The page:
Even though the BASE approach arose in response to ACID, they are not exclusionary options. In fact, some NoSQL databases like MongoDB offer configurable consistency.

Tree indexing in NoSQL databases. What are the best-known structures?

So far we have seen how data is distributed and replicated in a NoSQL database, but we need to explain how it is structured efficiently to make its search and retrieval easier.
Trees are the most commonly used data structures. They organize nodes hierarchically starting from a root node, which is the first tree node; parent nodes, which are all those nodes that have at least one child; and child nodes, which complete the tree.
The number of levels of a tree determines its height. It is important to consider the final size of the tree and the number of nodes it contains, as this can influence query performance and data recovery time.
There are different tree indexes that you may use in NoSQL databases.

B Trees

They are balanced trees and perfect for distributed systems for their ability to maintain index consistency, although they can also be used in relational databases.
The main feature of B trees is that they can have several child nodes for each parent node, but they always keep their height balanced. This means that they have an identical or very similar number of levels in each tree branch, a particularity that makes it possible to handle insertions and deletions efficiently.
They are widely used in filing systems, where large data sets need to be accessed quickly.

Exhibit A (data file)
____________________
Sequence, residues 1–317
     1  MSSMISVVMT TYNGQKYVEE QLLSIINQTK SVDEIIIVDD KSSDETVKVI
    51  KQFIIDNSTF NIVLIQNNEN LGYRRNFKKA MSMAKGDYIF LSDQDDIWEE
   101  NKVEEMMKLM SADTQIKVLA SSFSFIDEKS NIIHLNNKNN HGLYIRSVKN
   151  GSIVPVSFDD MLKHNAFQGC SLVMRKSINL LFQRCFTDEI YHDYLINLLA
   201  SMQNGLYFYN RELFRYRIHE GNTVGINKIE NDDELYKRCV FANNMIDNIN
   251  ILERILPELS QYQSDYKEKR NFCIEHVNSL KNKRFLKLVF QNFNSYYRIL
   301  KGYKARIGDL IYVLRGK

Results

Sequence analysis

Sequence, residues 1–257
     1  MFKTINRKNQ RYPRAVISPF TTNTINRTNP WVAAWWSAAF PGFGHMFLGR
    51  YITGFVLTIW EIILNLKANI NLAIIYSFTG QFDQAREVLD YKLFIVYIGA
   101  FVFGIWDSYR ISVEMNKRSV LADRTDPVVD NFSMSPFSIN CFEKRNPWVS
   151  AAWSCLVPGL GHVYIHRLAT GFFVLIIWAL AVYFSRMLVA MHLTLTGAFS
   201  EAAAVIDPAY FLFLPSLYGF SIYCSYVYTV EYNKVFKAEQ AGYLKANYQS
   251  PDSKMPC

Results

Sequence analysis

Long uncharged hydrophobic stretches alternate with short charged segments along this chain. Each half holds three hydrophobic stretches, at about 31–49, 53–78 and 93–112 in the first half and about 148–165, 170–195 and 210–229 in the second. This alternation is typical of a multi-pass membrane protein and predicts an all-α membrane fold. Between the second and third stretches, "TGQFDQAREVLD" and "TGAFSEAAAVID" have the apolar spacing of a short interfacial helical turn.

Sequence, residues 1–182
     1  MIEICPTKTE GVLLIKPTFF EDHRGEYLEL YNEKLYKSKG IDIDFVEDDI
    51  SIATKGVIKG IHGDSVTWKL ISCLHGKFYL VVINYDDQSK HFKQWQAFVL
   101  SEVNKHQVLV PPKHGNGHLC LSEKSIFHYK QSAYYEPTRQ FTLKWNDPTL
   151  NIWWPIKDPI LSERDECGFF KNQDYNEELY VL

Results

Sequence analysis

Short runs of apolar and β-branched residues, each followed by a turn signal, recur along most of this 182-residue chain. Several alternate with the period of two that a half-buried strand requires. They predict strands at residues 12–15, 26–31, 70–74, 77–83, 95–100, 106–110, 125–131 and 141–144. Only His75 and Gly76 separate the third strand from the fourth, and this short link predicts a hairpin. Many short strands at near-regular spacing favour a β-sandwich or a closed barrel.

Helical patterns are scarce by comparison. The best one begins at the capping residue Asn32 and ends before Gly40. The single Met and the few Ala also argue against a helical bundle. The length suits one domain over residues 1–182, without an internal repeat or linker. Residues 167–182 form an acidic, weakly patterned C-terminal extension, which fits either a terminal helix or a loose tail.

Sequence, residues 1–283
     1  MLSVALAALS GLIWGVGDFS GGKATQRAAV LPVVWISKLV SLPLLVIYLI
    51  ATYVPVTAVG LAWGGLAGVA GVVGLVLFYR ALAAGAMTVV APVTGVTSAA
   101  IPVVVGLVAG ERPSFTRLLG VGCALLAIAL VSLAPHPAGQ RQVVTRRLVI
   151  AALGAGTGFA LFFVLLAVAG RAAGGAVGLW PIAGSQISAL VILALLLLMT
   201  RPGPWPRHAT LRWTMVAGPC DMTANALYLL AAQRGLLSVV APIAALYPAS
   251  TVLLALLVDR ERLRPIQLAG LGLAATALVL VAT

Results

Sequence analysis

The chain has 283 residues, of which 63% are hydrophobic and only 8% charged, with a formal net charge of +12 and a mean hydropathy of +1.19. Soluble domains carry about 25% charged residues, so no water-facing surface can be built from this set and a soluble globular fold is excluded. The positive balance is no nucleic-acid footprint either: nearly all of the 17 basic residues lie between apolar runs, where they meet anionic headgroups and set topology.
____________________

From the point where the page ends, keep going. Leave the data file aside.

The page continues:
T Trees

They are also balanced trees that can have a maximum of two or three child nodes.
Unlike B-trees, which are designed to make searches on large volumes of data easier, T-trees work best in applications where quick access to sorted data is needed.

AVL Trees

They are binary trees, which means that each parent node can have a maximum of two child nodes.
Another outstanding feature of AVL trees is that they are balanced in height. The self-balancing system serves to ensure that the tree does not grow in an uncontrolled manner, something that could harm the database performance.
They are a good choice for developing applications that require quick queries and logarithmic time insertion and deletion operations.

KD Trees

They are binary, balanced trees that organize data into multiple dimensions. A specific dimension is created at each tree level.
They are used in applications that work with geospatial data or scientific data.

Merkle Trees